The Cassini Division by Ken MacLeod
(Orbit, 240 pages, hardback. 7 May 1998.)
You could describe The Cassini Division as socialist military post-cyberpunk sf. Or you could simply describe it as a fine novel. I'll settle for the latter.
The Cassini Division shares the same future history as MacLeod's first two novels, The Star Fraction and The Stone Canal (the latter is reviewed elsewhere in infinity plus): a post-capitalist future where a self-centred socialism has been recognised as "the true knowledge" and one of the worst insults, "...spoken with a sneer and a pretend spit..." is banker.
Perhaps the politics of these novels explains why they haven't found a US publisher as yet. But anyone who judges a book like this in such terms is making a big mistake: MacLeod writes with a sophisticated knowingness of the processes of history (always written by the victors...) that denies any crude categorisation or generalisation. This is a working future entirely different from the stereotypical capitalist-imperialist trope of our genre, and it is all the stronger for that. If only more writers refused to swallow the materialist assumptions of Golden Age sf!
The Cassini Division of the novel's title is an elite military force, devoted to the protection of the anarcho-socialist Solar Union. Ellen May Ngwethu is a senior member of the Division (inasmuch as they have any kind of hierarchy) and the novel opens with a bit of intrigue where Ellen tracks down two mysterious people to a party on an Atlantic Island: an artificial woman and a man from the stars. Although these two characters crop up occasionally later in the novel, they turn out to be a bit of a red herring -- a nod to The Stone Canal, where they were more central.
After failing to recruit the two, Ellen sets off to find Isambard Kingdom Malley, the physicist who produced the final equations in the Theory of Everything. Malley has become what they call a "non-cooperator", living in a wonderfully run down enclave in London. Right now, Ellen badly needs Malley to become a cooperator...
In the meantime, the post-human Outwarders of Jupiter are showing an interest in their surroundings again.
The Outwarders' philosophy is that "If you want to live in space, you're better off as a machine than as a bag of sea water". They dismiss humans as "counter-evolutionaries" and would ultimately like to turn everything except the stars into smart-matter (ie into themselves), starting with small asteroids and moving up to "Jupiter-sized brains": "If it isn't running programs and it isn't fusing atoms, it's just bending space." This is a future where the aliens are us (or at least our descendants). And as you'll see from these quotes, The Cassini Division is a novel full of snappy one-liners, smart analogies, spot on labels -- MacLeod is a writer at home with language, a writer who enjoys his work.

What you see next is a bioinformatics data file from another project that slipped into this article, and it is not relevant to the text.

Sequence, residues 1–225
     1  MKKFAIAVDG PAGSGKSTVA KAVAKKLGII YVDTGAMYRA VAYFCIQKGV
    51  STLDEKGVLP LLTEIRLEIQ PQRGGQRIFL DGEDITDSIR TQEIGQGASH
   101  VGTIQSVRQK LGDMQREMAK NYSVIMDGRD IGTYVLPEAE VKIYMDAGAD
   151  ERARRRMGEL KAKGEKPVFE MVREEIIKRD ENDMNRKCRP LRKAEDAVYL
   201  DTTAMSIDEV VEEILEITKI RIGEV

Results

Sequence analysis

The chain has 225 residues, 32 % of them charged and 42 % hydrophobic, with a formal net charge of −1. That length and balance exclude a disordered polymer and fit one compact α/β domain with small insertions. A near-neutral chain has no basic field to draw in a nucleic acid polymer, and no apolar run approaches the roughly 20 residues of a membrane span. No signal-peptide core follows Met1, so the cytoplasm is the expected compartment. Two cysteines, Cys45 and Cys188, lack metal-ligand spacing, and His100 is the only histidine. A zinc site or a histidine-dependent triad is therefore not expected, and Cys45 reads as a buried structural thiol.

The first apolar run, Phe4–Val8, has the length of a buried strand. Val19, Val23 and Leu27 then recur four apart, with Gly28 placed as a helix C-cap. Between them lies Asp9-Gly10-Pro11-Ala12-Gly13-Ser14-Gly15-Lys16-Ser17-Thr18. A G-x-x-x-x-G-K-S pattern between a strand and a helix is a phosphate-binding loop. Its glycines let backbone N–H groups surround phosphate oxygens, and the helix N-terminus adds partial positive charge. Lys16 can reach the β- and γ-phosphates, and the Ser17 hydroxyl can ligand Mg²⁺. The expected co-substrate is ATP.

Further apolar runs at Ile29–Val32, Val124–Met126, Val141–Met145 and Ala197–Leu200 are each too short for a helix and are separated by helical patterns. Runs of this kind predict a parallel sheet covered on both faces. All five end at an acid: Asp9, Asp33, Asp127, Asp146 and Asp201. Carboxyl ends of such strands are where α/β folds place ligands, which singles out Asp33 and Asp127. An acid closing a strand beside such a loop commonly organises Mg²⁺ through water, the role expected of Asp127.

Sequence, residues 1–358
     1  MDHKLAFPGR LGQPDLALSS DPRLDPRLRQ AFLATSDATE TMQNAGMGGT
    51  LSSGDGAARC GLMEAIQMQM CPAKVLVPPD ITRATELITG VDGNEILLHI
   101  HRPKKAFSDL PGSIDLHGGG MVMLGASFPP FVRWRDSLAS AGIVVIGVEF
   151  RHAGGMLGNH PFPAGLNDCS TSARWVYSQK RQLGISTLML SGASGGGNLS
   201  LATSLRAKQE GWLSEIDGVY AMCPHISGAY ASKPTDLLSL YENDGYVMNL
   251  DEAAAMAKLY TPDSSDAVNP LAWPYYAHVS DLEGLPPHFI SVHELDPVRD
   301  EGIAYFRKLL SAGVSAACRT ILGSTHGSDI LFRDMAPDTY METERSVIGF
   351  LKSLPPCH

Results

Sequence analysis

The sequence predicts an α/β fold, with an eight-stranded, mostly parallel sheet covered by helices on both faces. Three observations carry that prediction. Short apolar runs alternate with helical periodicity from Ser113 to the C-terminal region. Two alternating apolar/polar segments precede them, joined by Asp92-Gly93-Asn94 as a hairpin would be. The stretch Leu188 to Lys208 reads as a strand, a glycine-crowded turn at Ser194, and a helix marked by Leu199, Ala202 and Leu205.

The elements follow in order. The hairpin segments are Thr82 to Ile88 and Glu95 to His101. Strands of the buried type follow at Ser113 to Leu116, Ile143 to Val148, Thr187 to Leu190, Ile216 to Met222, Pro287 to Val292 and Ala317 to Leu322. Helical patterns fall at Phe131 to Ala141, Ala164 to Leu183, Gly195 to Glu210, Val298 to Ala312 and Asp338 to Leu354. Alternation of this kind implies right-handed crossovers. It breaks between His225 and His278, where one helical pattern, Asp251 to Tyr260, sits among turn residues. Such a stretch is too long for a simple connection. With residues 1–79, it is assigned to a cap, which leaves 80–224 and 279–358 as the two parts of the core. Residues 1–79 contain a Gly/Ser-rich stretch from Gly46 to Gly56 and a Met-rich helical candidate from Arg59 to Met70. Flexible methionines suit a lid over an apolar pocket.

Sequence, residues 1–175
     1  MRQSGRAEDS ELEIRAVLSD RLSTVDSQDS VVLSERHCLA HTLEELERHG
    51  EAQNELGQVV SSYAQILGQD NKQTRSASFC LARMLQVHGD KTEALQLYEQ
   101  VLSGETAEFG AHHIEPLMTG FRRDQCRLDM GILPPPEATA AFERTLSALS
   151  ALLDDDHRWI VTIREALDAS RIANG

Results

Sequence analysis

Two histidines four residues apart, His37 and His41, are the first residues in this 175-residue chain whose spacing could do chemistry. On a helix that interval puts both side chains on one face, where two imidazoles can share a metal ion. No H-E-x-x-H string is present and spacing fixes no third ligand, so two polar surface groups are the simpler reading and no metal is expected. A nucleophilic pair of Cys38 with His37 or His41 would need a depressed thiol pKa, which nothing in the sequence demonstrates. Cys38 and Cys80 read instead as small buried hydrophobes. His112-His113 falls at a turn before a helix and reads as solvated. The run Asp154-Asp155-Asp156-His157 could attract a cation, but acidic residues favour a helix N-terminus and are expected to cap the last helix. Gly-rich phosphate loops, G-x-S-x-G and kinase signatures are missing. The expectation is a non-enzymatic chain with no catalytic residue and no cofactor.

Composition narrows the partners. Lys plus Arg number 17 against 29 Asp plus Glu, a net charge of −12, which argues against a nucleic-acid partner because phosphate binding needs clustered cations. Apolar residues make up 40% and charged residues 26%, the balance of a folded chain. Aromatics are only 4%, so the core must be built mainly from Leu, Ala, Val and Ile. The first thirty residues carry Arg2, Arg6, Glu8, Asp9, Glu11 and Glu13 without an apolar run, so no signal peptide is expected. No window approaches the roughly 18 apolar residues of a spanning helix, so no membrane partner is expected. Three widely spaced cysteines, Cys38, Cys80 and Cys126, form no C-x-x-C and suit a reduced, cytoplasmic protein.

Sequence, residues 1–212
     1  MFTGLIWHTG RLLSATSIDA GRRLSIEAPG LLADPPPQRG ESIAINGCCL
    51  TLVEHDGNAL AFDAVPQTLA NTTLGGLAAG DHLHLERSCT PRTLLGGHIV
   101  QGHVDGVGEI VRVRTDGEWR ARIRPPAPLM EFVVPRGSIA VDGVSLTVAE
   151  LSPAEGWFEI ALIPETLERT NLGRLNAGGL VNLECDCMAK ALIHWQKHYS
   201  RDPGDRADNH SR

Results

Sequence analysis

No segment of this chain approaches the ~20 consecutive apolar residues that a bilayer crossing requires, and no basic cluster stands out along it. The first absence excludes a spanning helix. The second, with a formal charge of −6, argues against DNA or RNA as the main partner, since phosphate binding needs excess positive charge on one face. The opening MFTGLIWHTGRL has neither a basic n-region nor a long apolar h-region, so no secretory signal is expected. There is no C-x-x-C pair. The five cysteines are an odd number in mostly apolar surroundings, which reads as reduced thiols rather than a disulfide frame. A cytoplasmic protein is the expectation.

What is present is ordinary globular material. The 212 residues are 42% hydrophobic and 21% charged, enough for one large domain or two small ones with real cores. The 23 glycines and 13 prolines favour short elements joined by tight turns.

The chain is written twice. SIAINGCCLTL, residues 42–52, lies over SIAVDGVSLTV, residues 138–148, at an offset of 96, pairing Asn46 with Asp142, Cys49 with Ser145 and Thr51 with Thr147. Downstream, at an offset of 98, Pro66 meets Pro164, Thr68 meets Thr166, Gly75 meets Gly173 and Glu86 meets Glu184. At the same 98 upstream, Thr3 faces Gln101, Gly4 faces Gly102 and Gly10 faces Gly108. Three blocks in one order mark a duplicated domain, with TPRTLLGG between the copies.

As the Outwarders live at an accelerated pace -- with subjective centuries passing in a matter of hours -- they have evolved way ahead of humankind. Ellen is convinced that such highly evolved entities, with so alien an outlook, must pose a serious threat to the survival of her own kind. She's willing to do whatever it takes to stop them, even when all those around her want to give the Outwarders the benefit of the doubt.
The result is a deftly handled a philosophical thriller: a Good Read that, whilst clearly part of a larger story, is a successful novel in its own right.
There are some writers who are so dauntingly good that, when I read their work, I often end up wondering why on Earth I bother trying to write myself. Ken MacLeod isn't one of these writers. He's good in a subtly different way: not daunting, but inspirational and uplifting. His work is so good that I wish I could do similar. I suppose that could be taken to mean that he's not yet in the top rank, and I suppose that's probably true. But to get so close is no mean achievement.
As I have said, The Cassini Division is too sophisticated for crude generalisations. But I'll generalise, nonetheless: The Cassini Division is a fine novel. Now go and read it.
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© Keith Brooke 23 May 1998